The next German government will have to tackle several controversial security issues, from arms exports to meeting NATO’s target of spending 2 percent of GDP on defense. But the one item that is particularly difficult for Berlin—and that it is ill-prepared to deal with—is nuclear weapons.
The nuclear world has changed dramatically. Security and defense policy is focusing again on nuclear weapons, but Berlin is keeping its traditional focus on disarmament. It remains reluctant to discuss nuclear weapons in a wider security context, and this is turning into a risk for Europe. Indeed, as some question the utility of nuclear deterrence, there is a risk that a German unilateral stance could undermine alliance unity—and hence European security. That stance might be driven by the moral determination to protect peace; yet it might end up resulting in the opposite.
In February, the United States will publish its Nuclear Posture Review. North Korea will remain high on Washington’s security agenda. The Iran dossier is fragile. As for NATO, nuclear policies remain an issue; the alliance has voiced its concern on Russia’s alleged violation of the Intermediate-Range Nuclear Forces (INF) Treaty. All this will affect the German debate, whether it is prepared for it or not.
Germany hosts nuclear weapons, yet it is deeply uncomfortable about them. This is mainly due to its traditional normative policy of focusing on disarmament, which it regards as the morally right approach. As a result, Germany is reluctant to perceive nuclear weapons from a strategic and security perspective and is hesitant to lead an honest and informed debate about nuclear deterrence. This leaves Berlin ill-prepared for discussions that go beyond disarmament and address nuclear weapons as something that is here to stay, at least for the foreseeable future, be it as a security tool and crucial element of Europe’s defense architecture or as a major global challenge, such as North Korea.
Germany’s peculiar position risks undermining European and transatlantic unity, solidarity, and security. A prime example is the decision that Berlin needs to take soon on the succession of its Tornado aircraft, which should leave service in 2024. The Tornados should be replaced by new dual-capable aircraft that would ensure Germany’s nuclear sharing role in NATO. Nuclear sharing means that some non-nuclear allies like Germany participate in policy decisions and provide aircraft that can carry U.S. nuclear payloads. The Tornado succession is likely to lead to a debate about nuclear deterrence, including calls to abandon nuclear sharing. This rather technical issue is likely to turn political and risks unsettling the new German government, which is likely to be a fragile grand coalition and not at all comfortable in dealing with such issues.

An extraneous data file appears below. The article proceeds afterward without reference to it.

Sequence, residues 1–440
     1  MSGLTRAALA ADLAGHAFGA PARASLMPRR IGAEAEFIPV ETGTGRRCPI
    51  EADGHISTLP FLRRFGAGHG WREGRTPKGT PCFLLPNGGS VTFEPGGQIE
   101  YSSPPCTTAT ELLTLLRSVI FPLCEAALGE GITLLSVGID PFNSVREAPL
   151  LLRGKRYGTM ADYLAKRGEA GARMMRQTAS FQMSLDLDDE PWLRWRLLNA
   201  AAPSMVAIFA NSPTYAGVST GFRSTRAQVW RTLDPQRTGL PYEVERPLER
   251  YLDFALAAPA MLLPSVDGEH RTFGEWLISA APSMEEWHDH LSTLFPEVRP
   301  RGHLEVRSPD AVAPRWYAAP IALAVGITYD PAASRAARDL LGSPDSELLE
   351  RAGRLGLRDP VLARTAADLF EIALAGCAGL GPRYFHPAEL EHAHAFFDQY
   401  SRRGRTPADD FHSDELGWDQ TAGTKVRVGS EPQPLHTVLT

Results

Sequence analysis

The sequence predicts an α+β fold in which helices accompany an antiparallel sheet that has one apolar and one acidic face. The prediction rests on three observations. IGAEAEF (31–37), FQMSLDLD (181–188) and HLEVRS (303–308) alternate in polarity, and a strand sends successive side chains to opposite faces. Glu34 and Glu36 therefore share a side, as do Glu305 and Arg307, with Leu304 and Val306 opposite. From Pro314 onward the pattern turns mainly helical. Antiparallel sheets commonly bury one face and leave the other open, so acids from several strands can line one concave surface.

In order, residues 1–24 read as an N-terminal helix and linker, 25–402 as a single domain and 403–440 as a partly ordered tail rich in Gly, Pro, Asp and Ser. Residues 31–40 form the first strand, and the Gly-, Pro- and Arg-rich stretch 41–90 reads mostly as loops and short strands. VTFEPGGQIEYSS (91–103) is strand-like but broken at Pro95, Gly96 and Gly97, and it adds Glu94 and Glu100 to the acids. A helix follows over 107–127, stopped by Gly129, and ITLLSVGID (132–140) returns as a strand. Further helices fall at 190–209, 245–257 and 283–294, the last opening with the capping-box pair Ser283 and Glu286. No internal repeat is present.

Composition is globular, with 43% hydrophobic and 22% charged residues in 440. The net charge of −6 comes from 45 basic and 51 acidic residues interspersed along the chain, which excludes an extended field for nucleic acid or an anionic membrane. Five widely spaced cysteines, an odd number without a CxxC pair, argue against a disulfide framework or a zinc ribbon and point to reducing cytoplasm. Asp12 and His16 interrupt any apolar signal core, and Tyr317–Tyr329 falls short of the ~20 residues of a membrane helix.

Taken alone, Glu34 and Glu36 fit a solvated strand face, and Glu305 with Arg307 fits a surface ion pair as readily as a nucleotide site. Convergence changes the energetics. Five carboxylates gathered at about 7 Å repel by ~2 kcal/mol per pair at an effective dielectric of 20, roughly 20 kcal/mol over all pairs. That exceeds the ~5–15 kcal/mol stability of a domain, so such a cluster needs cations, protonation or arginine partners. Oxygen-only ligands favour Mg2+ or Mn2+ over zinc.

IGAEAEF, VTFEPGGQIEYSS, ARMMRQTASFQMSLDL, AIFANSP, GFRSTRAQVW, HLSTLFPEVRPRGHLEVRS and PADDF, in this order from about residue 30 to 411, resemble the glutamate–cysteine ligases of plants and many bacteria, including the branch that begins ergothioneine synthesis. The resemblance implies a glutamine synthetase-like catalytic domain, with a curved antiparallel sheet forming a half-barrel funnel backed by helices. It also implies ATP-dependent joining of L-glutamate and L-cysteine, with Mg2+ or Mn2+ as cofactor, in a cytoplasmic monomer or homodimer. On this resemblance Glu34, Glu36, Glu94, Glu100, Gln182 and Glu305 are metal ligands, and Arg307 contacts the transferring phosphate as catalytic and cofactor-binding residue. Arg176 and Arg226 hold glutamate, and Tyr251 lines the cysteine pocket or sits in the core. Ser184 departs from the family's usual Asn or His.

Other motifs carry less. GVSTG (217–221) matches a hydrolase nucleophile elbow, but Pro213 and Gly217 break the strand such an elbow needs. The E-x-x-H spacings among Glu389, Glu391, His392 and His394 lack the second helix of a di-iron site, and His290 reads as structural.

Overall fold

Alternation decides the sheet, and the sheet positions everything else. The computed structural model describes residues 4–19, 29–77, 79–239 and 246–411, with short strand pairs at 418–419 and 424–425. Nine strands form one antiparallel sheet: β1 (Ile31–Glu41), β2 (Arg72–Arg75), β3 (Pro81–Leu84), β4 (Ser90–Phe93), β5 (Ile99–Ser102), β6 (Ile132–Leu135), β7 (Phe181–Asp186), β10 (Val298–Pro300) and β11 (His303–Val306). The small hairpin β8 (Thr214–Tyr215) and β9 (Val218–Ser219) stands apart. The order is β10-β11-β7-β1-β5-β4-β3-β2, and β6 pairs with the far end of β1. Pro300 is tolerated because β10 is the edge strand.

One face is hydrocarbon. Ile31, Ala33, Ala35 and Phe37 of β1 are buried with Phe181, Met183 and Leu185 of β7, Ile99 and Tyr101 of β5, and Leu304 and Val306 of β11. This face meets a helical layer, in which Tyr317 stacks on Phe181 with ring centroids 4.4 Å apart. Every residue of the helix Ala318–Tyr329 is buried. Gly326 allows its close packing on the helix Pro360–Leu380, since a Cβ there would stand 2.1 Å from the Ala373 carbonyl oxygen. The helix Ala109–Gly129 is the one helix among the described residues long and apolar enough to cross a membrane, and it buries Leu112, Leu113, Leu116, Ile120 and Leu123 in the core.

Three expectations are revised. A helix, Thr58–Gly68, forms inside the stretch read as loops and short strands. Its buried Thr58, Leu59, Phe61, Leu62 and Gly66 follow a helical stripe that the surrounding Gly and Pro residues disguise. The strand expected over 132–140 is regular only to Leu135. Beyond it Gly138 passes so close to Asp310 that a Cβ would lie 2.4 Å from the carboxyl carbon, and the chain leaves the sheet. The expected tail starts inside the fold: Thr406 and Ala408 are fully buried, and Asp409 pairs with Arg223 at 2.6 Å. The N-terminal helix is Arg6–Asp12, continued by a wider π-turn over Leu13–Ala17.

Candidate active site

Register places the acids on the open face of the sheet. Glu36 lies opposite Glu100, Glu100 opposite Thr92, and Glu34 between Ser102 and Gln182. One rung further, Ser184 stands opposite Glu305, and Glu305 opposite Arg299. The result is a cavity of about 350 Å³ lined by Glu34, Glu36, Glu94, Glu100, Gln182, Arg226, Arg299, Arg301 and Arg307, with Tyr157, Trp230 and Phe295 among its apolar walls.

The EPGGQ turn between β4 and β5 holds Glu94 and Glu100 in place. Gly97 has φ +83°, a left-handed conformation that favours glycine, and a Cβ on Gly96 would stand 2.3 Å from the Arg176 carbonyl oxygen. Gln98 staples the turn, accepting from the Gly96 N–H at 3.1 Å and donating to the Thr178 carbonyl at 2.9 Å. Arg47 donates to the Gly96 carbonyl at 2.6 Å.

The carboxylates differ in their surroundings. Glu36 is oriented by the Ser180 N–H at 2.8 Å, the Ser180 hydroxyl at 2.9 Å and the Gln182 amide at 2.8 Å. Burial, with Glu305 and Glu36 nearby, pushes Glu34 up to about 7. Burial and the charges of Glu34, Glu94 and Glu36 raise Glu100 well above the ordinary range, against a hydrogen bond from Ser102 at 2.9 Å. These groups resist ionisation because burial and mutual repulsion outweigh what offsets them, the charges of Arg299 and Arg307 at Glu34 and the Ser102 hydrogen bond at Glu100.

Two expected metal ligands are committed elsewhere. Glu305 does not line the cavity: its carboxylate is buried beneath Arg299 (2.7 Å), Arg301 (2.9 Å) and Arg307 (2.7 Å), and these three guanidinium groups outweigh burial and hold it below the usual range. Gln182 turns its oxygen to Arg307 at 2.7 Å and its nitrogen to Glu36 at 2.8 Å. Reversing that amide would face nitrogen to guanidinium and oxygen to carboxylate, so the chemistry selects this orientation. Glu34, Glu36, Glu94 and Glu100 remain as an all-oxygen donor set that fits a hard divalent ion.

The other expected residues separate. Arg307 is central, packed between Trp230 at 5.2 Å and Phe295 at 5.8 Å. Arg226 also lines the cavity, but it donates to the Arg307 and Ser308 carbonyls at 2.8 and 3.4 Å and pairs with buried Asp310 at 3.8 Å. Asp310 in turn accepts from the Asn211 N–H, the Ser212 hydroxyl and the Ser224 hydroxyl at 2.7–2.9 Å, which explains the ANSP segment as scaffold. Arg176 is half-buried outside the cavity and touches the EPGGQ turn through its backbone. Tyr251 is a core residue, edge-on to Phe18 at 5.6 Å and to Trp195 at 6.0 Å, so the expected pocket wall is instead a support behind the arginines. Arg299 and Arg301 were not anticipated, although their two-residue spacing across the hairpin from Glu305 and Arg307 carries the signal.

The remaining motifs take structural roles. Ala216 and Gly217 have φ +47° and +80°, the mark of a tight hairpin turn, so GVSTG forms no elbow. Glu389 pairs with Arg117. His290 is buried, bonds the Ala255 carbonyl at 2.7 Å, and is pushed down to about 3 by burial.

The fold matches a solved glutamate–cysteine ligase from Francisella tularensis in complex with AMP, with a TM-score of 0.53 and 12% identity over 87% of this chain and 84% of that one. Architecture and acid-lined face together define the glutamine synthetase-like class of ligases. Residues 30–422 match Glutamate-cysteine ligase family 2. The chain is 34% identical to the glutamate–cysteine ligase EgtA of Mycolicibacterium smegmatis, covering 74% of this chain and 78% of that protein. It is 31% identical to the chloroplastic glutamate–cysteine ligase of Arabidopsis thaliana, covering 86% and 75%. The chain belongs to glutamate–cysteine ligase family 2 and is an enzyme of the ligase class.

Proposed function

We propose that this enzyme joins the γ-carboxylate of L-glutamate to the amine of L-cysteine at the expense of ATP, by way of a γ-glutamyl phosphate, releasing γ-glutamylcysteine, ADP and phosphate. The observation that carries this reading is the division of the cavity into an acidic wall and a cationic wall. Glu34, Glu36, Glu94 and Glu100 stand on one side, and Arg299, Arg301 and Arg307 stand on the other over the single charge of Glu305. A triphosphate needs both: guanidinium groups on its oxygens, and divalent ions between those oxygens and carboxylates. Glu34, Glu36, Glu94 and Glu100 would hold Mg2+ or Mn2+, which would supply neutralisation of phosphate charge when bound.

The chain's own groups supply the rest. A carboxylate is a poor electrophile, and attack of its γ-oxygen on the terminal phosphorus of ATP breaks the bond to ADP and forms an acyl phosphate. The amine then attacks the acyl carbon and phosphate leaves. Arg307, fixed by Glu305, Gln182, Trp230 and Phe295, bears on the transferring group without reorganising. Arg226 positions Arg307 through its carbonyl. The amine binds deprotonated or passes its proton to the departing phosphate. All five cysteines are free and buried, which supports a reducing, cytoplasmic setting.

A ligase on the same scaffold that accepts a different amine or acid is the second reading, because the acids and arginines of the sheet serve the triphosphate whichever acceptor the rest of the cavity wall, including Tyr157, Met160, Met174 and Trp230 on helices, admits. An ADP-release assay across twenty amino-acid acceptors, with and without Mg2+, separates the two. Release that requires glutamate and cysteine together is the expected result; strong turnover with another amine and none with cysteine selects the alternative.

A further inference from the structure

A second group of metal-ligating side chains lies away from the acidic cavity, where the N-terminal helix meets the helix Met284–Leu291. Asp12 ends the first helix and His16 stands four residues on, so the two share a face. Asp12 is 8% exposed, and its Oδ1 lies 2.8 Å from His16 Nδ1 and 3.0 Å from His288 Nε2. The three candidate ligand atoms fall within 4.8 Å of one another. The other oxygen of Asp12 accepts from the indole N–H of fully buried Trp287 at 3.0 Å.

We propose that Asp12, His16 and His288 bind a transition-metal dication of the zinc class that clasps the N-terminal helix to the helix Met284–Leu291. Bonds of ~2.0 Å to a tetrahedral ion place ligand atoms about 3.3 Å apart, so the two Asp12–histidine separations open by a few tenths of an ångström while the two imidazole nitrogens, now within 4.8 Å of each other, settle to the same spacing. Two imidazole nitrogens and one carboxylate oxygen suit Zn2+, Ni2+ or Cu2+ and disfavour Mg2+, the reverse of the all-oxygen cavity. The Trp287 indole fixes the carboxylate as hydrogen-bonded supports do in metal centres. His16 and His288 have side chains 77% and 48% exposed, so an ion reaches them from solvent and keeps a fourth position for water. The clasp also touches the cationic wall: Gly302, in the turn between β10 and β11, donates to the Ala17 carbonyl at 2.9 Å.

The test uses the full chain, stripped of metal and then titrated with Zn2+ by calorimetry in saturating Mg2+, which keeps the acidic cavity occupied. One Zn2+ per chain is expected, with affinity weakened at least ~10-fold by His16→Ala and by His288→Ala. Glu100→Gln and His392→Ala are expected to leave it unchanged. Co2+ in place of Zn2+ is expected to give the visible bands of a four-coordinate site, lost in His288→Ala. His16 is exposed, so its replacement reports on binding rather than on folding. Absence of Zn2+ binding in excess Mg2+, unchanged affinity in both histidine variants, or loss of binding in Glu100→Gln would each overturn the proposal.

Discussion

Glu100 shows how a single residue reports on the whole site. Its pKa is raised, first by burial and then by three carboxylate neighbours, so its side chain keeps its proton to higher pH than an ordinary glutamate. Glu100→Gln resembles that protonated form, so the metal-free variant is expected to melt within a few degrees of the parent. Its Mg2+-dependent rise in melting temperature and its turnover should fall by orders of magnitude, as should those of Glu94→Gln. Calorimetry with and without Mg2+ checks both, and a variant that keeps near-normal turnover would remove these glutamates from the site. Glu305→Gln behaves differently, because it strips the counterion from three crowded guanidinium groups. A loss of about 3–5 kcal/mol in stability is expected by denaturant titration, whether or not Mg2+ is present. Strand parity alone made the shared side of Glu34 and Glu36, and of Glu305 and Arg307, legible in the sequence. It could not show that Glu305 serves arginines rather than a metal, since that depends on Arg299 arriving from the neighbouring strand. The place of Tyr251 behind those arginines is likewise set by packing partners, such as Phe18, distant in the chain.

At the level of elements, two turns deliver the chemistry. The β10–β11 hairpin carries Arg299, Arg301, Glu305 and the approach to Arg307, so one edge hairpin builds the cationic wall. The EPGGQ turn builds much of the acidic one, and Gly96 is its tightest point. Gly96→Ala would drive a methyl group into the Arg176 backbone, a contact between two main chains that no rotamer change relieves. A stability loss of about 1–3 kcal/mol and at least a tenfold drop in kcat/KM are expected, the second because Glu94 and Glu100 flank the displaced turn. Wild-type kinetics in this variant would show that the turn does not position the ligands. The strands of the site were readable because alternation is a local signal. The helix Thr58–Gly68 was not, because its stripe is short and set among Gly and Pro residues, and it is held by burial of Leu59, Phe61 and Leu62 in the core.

The most dangerous scenario would be for Germany to leave NATO’s nuclear sharing arrangements because of the Tornado succession debate. This would seriously limit Germany’s strategic decisionmaking options—besides damaging the alliance’s capacity to act. Being part of nuclear sharing allows Germany to have a say where and when nuclear weapons are used or not. Abandoning it would rob Berlin of a voice in NATO’s nuclear policy. It would also damage Germany’s credibility and contributions to the alliance, adding to the impression of the country being a defense free rider as Berlin hasn’t yet met the 2 percent defense spending target.
In this scenario, other allies would have to carry the German share and risk within NATO. That would intensify internal alliance debates. It might even trigger other capitals that are also uncomfortable about nuclear sharing to follow the German example. It would send a signal to Russia and the outside world that NATO is in turmoil and that its cohesion can be undermined, ultimately weakening the alliance’s military and political capacity to act and thus European defense.
In short, the country increasingly considered—and claiming—to be a cornerstone of European defense would be opting out. This would also have an impact on other policy areas because, in essence, it’s about nations trusting each other and sharing risks in the transatlantic and European context.
Even without this worst-case scenario, Germany’s nuclear unease means leaving it to others to address current challenges, such as how to deal with a more dangerous multipolar nuclear world in which more states own nuclear weapons—and some are ready to use them beyond deterrence as an active threat—while at the same time the acceptance of nuclear disarmament and arms control is eroding.
The issue affects other discussions, too. It goes straight to debates on the very future of EU defense. Germany and France claim a leadership role in driving Europe toward strategic autonomy. Yet, discussions have so far excluded the nuclear dimension.
This is not about Germany becoming a nuclear hawk. But as a country aspiring to take greater international responsibility, Berlin has to be able and willing to discuss nuclear issues—non-proliferation as much as deterrence—and weight the responsibility of its actions for its partners.
Berlin’s allies, for their part, have to accompany a constructive discussion about nuclear issues in Germany in view of developing leadership and responsibility rather than a Sonderweg (or “special way”). Becoming a respected nuclear partner of, say, France does not demand Germany becoming nuclear. It would, however, mean Berlin taking arms control and non-proliferation seriously and linking it to deterrence. Addressing nuclear issues might be the remaining crucial part of the jigsaw of Germany taking up greater responsibility in international security.
Claudia Major is a senior associate for international security at the German Institute for International and Security Affairs (SWP) and a member of Women in International Security (WIIS) Berlin.